The arrival of a spot ETF would be a milestone for crypto and is made possible by the miners who have ensured the integrity of the Bitcoin network. From early test validations following the publication of the Bitcoin white paper to the buildout of entire operations across the United States, Asia, and Europe, the past decade has been fascinating for mining, and miners again find themselves at a crucial inflection point to shape the industry as stakeholders.

Adoption is bittersweet

In the years leading up to the recent flurry of spot filings, publicly-traded mining companies were how institutional investors gained exposure to Bitcoin. Due to the lack of regulatory clarity for digital assets, investors opted for traditional financial vehicles with stock offerings and compliance requirements, which also alleviated the burden of self-custody. While several other low-maintenance options existed for exposure to Bitcoin, including purchasing Microstrategy stock or the Grayscale Futures ETF, miners were always closer to the core product.

The inevitable spot ETF backed by a major financial institution like BlackRock or Fidelity is bittersweet. Approval of any one of these ETFs by the SEC would signal a regulatory green light while providing investors with direct exposure to Bitcoin – there would likely be a price increase in the underlying asset which miners have spent this decade building substantial positions in (i.e. everyone involved makes money).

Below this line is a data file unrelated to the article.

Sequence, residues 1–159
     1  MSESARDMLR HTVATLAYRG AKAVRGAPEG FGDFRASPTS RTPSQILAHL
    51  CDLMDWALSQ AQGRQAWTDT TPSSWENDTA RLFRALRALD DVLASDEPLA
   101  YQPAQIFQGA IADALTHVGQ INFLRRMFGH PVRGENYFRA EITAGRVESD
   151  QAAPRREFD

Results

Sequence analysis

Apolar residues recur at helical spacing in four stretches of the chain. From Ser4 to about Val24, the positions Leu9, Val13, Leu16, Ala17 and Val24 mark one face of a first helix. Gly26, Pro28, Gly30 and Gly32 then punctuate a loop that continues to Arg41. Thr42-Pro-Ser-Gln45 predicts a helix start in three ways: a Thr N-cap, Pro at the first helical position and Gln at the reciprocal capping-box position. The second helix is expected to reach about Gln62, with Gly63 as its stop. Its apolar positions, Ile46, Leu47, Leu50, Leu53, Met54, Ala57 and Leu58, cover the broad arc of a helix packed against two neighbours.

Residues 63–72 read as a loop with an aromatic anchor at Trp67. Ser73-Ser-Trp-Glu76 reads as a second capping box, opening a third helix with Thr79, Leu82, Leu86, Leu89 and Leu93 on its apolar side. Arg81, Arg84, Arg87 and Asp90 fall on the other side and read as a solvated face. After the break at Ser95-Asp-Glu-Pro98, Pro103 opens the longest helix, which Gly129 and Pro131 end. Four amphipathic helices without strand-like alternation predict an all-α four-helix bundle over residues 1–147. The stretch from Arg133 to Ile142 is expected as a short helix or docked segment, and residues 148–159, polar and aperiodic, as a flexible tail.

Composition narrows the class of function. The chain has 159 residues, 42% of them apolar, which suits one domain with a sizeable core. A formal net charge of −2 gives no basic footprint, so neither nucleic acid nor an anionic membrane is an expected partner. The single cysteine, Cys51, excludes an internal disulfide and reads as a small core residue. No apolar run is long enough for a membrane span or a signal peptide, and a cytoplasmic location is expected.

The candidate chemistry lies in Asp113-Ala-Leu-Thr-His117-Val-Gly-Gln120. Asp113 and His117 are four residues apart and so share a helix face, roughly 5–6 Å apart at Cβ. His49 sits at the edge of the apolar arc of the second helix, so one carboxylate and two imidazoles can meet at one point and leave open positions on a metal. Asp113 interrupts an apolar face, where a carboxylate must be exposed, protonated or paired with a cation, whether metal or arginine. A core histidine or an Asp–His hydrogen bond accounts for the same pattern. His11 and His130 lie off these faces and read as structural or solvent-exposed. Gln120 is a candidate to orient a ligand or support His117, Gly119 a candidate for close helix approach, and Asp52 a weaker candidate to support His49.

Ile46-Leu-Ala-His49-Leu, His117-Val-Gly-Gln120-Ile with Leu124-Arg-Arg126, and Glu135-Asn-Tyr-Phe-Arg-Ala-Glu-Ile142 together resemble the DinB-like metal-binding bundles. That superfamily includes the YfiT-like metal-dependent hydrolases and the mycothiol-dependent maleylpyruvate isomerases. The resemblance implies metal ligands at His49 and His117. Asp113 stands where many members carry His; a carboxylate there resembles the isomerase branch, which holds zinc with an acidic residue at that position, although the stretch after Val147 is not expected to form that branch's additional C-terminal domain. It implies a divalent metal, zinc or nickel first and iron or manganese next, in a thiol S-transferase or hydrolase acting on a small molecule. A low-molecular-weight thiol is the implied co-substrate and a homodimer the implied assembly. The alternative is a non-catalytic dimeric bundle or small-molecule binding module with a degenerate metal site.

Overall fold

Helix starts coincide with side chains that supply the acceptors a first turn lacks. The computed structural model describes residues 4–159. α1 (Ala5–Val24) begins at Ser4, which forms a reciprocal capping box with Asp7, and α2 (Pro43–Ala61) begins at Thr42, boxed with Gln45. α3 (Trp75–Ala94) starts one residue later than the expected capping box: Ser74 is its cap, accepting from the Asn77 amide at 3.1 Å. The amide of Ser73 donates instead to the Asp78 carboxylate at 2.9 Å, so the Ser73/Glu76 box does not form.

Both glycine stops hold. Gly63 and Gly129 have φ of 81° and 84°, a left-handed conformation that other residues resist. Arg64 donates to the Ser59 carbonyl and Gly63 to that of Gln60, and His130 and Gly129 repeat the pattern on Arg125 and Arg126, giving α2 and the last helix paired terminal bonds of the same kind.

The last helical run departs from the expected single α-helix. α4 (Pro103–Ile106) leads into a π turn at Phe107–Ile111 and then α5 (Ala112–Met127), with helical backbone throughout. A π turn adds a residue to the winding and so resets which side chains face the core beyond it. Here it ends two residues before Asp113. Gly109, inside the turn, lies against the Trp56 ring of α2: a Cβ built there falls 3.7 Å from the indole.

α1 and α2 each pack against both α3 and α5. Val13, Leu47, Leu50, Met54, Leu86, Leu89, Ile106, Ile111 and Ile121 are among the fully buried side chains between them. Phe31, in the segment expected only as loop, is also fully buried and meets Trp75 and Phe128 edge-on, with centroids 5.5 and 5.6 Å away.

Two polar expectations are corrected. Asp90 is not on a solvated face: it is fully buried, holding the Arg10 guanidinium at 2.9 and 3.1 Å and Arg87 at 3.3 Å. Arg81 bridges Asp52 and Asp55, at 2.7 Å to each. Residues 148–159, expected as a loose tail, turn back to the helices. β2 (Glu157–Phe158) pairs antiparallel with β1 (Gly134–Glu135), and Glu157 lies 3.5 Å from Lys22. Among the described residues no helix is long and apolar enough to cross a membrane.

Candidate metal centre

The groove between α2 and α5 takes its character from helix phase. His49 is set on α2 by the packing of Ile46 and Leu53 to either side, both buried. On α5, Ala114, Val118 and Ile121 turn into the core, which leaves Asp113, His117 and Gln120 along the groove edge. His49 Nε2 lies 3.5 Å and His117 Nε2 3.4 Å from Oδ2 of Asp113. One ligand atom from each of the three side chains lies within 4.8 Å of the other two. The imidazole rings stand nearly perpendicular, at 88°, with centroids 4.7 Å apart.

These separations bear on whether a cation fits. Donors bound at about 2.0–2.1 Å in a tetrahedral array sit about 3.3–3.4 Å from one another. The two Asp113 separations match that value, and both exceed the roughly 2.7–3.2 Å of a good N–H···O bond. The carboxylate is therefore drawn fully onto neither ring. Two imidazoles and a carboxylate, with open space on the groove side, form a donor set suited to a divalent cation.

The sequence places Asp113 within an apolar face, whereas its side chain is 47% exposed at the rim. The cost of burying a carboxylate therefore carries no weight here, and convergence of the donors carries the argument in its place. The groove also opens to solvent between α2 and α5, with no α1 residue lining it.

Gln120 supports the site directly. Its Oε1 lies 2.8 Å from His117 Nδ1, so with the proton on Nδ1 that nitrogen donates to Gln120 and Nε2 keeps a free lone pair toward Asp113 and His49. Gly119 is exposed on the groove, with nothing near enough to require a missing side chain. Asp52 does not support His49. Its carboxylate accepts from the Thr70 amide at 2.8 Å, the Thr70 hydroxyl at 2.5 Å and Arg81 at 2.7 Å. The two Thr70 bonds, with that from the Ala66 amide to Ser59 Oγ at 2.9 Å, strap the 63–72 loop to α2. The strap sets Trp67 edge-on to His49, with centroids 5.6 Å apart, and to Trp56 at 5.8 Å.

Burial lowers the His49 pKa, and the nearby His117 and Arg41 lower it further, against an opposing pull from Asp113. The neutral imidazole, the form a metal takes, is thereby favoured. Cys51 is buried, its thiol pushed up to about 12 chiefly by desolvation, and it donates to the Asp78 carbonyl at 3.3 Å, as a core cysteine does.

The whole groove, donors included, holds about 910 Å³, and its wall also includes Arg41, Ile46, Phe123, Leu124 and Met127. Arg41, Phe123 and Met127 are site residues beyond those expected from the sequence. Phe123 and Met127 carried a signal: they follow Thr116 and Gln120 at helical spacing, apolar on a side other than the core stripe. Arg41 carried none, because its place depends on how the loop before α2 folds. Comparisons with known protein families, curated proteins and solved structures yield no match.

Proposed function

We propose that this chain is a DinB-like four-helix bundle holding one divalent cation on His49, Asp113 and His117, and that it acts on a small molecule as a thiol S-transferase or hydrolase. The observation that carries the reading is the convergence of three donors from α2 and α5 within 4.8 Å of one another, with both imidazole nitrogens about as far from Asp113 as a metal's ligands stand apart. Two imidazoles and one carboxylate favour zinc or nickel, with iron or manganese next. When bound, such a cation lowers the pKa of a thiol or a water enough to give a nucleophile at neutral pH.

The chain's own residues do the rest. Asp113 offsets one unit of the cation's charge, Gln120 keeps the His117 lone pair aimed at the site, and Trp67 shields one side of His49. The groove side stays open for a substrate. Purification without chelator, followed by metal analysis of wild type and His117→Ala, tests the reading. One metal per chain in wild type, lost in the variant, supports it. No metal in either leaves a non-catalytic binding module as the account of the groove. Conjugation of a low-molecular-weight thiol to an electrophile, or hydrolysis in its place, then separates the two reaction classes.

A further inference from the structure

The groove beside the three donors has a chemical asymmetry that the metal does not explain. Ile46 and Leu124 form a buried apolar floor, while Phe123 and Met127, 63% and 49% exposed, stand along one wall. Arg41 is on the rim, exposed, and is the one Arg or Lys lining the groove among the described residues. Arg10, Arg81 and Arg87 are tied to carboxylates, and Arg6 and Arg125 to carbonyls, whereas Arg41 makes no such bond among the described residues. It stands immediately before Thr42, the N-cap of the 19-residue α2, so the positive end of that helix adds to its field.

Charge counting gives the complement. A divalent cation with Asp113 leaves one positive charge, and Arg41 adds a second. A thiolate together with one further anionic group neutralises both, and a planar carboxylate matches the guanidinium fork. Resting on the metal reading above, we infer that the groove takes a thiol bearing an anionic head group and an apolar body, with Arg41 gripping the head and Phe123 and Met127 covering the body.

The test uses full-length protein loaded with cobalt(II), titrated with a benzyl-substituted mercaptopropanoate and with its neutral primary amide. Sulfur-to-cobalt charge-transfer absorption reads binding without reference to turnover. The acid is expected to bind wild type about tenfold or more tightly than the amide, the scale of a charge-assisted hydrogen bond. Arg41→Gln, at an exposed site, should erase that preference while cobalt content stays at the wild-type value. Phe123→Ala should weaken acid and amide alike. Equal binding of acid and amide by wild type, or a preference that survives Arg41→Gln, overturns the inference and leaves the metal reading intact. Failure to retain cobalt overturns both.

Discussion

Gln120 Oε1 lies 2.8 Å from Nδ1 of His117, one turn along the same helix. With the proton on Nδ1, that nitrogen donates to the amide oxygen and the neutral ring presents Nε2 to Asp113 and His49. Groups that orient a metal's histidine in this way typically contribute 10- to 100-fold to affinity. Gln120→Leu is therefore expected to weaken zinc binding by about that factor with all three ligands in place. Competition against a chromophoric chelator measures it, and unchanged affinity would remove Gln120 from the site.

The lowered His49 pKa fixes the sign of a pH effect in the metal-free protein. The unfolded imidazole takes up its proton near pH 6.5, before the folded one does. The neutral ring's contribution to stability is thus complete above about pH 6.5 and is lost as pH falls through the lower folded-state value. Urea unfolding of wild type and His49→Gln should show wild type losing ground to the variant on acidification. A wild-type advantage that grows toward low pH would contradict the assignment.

But a spot Bitcoin ETF also raises the uncomfortable prospect of outflows in capital from mining stocks to Wall Street financial products, wherein banks enter a more favorable regulatory climate and benefit enormously from operating expense ratio (OER) fees built into the ETFs. As I highlighted in a OpEd for CoinDesk this spring, miners will meanwhile face a lower-margin environment with the “halvening” event next year set to reduce the amount of mineable Bitcoin by 50%.

There is irony in miners building the world’s first decentralized monetary system — assuming all the risk for over a decade while dealing with hostile regulatory scrutiny and attacks from lawmakers — only to turn it over to Wall Street for a last-minute assist.

The next era of mining